STEREOPHONICS You Gotta Go There To Come Back (2003 UK New Version 14-track CD including Moviestar which was not on the original release picture sleeve VVR1026342)
Stereophonics have always inspired partisan feelings. Their detractors loathe their meat-and-potatoes attitude to making music, seeing them as little more than pub musicians who struck it lucky. Dedicated fans, on the other hand, take delight in the passionate songs of Kelly Jones. There's never been much of a middle ground.
Evolution not revolution has always been Stereophonics modus operandi. Over the course of their career, they've never been ones to rock the boat, choosing instead to steadily refine their songs and production. They've also edged ever closer to American radio rock, presumably in a naked attempt to break that market.
However, You Gotta Go There To Come Back, the band's fourth album, is being heralded by some to be as good as their debut Word Gets Around. And while it shares much of the intimate charm of that record, this is an altogether slicker affair.
Produced by Kelly Jones, the album delves even further into his beloved 70s songbooks. In addition to the weather-worn AC/DC signposts, there are nods to Stevie Wonder, Creedence Clearwater and The Isley Brothers. And, in the opening easy funk of "Help Me (She's Out Of Her Mind)", Jones achieves a rough approximation of Lennon's "Cold Turkey" vocals. 'Rough' clearly being the operative word there.
Future single "Maybe Tomorrow" follows, featuring the smooth guitar from the Isleys' Summer Breeze and melds it onto a gently driving radio-friendly rhythm.
The album's highpoint, however, is the closing "Since I Told You It's Over". A slightly countrified epic ballad that ends just a little too soon, by some stretch it's the best thing Stereophonics have done in years.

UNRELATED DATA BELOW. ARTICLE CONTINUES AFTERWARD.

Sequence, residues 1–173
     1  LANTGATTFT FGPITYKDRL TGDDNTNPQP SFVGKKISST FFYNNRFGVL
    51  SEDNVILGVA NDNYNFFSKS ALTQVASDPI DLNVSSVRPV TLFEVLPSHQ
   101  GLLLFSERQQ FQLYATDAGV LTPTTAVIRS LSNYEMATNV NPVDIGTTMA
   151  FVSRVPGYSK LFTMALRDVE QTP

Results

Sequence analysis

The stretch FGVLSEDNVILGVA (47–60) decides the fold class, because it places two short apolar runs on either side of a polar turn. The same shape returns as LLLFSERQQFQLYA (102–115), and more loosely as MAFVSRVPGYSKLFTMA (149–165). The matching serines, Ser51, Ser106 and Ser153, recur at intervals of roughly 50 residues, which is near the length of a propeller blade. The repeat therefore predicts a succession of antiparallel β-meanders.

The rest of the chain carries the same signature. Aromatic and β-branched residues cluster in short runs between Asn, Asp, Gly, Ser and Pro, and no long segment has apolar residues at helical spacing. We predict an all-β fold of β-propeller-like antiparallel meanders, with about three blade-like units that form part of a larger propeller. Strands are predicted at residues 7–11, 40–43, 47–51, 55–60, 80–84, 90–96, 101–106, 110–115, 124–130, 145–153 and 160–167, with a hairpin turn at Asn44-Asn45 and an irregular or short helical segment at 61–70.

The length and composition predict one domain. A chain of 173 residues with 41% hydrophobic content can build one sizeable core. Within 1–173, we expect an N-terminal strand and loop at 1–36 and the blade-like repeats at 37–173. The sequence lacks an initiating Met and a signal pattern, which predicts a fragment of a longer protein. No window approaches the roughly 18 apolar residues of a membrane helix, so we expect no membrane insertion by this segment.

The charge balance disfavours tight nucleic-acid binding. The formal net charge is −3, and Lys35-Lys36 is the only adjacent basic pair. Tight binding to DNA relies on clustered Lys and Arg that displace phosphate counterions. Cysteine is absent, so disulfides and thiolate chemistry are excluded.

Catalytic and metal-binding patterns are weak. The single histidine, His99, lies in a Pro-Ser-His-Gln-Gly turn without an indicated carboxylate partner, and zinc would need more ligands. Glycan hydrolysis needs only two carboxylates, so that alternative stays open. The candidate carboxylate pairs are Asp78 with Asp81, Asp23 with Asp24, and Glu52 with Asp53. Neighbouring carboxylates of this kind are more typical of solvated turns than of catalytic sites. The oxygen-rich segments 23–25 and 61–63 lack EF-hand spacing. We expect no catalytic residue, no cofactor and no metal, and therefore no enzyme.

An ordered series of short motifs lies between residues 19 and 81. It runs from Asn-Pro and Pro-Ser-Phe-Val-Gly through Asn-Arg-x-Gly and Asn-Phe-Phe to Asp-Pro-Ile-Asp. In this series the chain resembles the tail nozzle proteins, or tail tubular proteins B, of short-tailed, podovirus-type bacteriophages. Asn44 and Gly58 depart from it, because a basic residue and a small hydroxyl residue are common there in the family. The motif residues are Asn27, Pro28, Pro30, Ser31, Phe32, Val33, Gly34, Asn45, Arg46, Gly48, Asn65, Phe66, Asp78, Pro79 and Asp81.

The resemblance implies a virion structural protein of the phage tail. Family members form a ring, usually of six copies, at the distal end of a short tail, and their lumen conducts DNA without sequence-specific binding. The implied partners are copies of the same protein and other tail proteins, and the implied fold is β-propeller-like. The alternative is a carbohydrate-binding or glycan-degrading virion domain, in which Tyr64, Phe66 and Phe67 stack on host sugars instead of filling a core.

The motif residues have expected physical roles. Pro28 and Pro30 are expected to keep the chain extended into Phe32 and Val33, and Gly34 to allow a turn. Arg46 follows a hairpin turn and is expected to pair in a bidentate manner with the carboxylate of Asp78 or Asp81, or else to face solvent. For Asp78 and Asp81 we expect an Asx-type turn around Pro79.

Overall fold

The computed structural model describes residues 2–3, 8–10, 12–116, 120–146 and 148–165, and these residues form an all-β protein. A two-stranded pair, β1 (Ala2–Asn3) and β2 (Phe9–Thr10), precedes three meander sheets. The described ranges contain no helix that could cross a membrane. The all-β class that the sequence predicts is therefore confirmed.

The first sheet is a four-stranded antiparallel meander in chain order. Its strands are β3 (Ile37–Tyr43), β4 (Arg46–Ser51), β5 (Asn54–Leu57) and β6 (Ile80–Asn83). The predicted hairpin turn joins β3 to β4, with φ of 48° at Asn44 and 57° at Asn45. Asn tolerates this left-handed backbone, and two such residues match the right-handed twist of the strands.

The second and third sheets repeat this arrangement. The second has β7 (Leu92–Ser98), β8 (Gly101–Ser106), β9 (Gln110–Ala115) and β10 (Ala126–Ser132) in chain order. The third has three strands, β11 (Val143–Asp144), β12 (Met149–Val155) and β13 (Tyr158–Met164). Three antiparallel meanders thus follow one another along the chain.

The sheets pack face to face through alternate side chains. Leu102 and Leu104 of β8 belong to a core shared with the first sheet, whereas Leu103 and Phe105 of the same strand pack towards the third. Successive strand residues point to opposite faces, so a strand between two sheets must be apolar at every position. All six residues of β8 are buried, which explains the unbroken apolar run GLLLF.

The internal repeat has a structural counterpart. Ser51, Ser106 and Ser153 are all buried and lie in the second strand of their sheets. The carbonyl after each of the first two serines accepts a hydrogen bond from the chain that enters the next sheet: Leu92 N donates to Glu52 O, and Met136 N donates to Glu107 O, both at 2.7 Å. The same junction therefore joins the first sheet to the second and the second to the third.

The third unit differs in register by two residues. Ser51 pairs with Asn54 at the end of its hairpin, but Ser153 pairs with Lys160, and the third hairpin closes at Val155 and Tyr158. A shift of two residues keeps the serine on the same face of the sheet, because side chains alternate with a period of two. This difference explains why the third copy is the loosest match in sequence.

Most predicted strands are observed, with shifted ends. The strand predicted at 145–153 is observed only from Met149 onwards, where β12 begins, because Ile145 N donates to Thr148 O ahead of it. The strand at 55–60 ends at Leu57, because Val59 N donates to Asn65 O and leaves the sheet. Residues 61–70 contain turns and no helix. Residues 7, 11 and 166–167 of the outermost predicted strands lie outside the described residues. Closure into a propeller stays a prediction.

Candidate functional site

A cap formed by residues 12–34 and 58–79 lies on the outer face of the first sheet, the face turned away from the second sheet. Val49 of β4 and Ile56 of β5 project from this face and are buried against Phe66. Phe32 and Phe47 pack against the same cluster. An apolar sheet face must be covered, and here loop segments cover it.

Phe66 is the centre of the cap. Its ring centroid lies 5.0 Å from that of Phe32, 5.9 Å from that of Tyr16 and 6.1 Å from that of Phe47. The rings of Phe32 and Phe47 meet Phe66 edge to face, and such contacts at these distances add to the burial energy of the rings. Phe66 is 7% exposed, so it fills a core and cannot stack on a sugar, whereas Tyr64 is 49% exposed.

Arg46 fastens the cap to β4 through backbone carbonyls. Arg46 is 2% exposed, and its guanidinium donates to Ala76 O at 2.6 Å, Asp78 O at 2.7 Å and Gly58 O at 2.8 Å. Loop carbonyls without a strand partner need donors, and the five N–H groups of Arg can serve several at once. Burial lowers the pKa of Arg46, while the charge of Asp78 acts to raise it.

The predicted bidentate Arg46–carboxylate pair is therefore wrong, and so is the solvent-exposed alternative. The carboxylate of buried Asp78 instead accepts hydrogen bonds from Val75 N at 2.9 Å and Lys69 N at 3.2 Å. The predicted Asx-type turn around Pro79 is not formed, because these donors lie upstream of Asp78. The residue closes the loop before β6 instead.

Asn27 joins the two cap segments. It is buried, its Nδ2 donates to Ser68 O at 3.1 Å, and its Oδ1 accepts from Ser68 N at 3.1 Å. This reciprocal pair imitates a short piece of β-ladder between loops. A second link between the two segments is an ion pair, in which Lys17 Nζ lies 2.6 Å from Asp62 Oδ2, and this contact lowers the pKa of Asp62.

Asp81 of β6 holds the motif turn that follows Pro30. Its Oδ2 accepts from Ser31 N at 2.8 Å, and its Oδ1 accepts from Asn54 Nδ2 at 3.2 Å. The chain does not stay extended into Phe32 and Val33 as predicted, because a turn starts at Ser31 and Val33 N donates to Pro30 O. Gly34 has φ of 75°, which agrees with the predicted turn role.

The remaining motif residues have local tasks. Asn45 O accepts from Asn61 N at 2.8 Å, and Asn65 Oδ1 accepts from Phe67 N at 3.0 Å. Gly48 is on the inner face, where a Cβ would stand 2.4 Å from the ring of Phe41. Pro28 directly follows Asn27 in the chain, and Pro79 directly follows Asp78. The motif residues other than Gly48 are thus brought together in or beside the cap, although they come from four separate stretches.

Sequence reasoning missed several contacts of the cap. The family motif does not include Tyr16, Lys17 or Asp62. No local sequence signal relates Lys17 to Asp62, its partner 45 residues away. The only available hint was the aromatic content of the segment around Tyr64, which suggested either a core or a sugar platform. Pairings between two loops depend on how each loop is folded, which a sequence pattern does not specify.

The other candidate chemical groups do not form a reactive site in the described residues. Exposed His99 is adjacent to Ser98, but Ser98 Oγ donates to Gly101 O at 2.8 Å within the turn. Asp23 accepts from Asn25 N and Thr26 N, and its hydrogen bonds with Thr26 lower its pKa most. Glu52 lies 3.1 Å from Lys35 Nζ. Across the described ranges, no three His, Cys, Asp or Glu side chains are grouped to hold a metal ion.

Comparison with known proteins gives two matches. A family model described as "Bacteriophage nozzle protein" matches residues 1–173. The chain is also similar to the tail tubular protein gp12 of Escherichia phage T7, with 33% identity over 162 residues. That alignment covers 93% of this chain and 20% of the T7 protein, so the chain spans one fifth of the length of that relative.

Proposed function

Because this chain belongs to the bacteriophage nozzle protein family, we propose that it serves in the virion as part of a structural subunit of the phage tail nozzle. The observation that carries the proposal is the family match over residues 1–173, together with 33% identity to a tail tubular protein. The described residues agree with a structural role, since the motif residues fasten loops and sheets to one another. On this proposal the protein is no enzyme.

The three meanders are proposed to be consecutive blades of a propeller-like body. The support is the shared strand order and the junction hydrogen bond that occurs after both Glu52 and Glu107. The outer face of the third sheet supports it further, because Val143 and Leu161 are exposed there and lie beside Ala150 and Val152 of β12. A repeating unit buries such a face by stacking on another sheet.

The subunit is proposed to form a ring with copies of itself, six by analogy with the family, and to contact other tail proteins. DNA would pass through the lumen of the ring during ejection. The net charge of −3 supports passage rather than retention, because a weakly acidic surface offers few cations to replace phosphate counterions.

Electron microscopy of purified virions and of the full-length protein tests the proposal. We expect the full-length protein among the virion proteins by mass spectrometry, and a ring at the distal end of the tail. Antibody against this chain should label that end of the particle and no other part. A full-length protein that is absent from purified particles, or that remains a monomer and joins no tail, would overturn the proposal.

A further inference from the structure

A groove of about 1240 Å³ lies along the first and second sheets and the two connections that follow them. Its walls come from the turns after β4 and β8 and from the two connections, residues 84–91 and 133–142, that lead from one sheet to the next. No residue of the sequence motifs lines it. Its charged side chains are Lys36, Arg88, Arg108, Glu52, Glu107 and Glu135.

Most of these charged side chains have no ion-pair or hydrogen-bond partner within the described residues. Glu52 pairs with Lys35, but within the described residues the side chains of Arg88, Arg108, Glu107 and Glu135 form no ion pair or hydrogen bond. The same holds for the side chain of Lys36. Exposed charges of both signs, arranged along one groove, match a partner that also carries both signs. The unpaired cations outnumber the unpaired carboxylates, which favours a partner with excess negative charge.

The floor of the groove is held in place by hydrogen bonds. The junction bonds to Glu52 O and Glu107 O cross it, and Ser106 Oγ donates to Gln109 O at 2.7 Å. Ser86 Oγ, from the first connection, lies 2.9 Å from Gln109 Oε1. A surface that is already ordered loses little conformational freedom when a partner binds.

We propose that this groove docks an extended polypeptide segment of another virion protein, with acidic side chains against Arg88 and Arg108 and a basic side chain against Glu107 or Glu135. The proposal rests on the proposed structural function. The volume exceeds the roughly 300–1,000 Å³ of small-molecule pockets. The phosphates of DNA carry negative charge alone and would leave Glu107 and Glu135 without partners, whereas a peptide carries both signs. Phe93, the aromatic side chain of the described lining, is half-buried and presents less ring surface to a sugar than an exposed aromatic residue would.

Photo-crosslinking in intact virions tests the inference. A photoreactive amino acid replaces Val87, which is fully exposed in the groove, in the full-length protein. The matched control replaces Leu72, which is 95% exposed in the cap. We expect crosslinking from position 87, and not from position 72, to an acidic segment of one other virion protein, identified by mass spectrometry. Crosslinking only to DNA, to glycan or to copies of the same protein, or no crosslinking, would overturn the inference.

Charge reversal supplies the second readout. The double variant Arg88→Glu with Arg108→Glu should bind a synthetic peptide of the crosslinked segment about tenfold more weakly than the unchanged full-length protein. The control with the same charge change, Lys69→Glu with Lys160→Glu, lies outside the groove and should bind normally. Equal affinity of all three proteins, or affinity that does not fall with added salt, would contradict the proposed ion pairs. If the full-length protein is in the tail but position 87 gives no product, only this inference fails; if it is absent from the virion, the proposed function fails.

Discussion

Still, it's not all high notes in the Kelly Jones canon. Nobody in their right mind would want to listen more than once to the dreary "I'm Alright (You Gotta Go There To Come Back)" or "I Miss You Now". Likewise, "You Stole My Money Honey" is seemingly a bold attempt to string as many musical clichés as possible into one song. They do well with it.
Similarly, "Climbing The Wall" appears to be a sundrenched West Coast guitar ramble, of which the most remarkable thing is the couplet: 'I'm just standing here looking at myself again, I'm going blind/I'm just sitting here playing with myself again - it's turning me on'. Really, Kelly, do we need to be told?
While Stereophonics have never been the most musically adventurous band, thankfully, they seem to be moving away from the blandness they've always been slightly guilty of. Against the odds, You Gotta Go There To Come Back is a record that goes somewhere to finally justifying Stereophonics' success. It's a sturdy piece of work, one which will be lapped up by their fans. It might even make a few friends along the way too. Rock on.
Review courtesy of BBC Wales Music --Jack Smith
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